White House Releases Incriminating “Smoking Gun” Tape Recordings – Nixon Resigns Four Days Later
President Richard Nixon turned over 64 White House tape recordings related to the Watergate scandal to the Watergate Special Prosecutor on this day. Nixon had tried to withhold them from the Special Prosecutor on grounds of executive privilege. In a landmark decision, United States v. Nixon, on July 24, 1974, however, the Supreme Court rejected his claim and ordered him to turn over the tapes. The so-called “smoking gun” tape of June 23, 1972, clearly indicated that Nixon had engaged in obstruction of justice.
The Watergate burglary, on June 17, 1972, touched off a national scandal that gripped the nation for 15 months from the day of the original Watergate burglary to President Richard Nixon’s resignation. The burglary set in motions investigations that uncovered other abuses of power by President Nixon and several members of his administration. These included the famous “enemies” list of critics of the administration who were targeted for retaliation (August 16, 1971), and the White House “Plumbers” unit that burglarized the office of Daniel Ellsberg’s psychiatrist on September 9, 1971. Nixon was impeached by the House of Representatives on July 27, 1974, and he resigned on August 9, 1974. President Gerald Ford pardoned Nixon on September 8, 1974, for any crimes he may have committed while president.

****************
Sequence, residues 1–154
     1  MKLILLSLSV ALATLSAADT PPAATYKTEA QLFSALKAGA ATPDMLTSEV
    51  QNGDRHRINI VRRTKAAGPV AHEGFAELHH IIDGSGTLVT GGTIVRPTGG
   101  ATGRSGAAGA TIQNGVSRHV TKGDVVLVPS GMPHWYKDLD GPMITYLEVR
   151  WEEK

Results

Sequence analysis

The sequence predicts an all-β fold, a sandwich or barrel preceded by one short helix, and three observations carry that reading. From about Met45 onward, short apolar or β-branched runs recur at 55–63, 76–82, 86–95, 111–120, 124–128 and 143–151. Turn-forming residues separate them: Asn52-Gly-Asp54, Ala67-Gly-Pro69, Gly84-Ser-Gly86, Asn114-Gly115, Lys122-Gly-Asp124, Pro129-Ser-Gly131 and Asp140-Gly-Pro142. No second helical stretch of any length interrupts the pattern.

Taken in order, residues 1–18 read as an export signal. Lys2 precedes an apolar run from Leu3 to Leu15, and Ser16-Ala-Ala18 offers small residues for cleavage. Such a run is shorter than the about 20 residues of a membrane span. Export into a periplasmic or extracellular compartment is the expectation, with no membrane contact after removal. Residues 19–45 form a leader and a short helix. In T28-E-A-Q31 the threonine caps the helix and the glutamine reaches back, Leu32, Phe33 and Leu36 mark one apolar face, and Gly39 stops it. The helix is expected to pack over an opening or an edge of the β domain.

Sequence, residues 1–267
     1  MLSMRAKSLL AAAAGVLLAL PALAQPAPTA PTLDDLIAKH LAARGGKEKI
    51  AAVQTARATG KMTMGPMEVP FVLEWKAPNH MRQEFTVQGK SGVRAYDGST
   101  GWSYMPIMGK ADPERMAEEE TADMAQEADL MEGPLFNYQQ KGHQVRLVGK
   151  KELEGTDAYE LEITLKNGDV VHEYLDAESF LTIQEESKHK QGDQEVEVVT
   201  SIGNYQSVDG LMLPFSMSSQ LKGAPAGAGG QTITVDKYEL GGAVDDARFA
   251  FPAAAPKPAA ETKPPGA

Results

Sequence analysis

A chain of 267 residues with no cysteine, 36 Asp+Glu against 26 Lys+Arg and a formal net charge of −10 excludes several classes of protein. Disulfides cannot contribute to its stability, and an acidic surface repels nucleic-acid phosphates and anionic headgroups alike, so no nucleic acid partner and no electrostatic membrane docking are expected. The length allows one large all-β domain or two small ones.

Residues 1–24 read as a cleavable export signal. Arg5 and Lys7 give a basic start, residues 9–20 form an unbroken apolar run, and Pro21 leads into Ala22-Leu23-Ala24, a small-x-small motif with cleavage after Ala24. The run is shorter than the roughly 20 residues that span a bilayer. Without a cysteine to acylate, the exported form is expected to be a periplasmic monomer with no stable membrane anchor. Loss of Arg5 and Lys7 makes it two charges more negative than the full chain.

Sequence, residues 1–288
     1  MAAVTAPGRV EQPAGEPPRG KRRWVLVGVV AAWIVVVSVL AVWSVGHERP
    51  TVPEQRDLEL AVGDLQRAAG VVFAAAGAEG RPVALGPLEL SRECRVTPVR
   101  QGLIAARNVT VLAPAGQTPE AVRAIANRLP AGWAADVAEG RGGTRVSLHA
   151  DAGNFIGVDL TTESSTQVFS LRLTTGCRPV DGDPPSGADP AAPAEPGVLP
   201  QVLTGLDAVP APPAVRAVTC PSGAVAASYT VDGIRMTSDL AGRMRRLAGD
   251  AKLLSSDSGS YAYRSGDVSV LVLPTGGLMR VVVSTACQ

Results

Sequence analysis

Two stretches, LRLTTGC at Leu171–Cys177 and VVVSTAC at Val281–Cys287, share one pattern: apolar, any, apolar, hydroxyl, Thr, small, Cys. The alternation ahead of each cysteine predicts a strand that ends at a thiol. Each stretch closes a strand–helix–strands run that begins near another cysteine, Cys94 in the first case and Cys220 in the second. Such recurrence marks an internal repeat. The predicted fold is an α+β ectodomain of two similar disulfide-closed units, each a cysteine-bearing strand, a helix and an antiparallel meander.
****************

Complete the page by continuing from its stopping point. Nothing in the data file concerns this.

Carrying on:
Listen to the “Smoking Gun” Tape: http://watergate.info/1972/06/23/the-smoking-gun-tape.html
Read: Stanley Kutler, The Wars of Watergate: The Last Crisis of Richard Nixon (1990)
Learn more about executive privilege: Mark Rozell, Executive Privilege: Presidential Power, Secrecy, and Accountability (2010)
Read the Senate Watergate Committee report: https://www.maryferrell.org/mffweb/archive/viewer/showDoc.do?docId=144965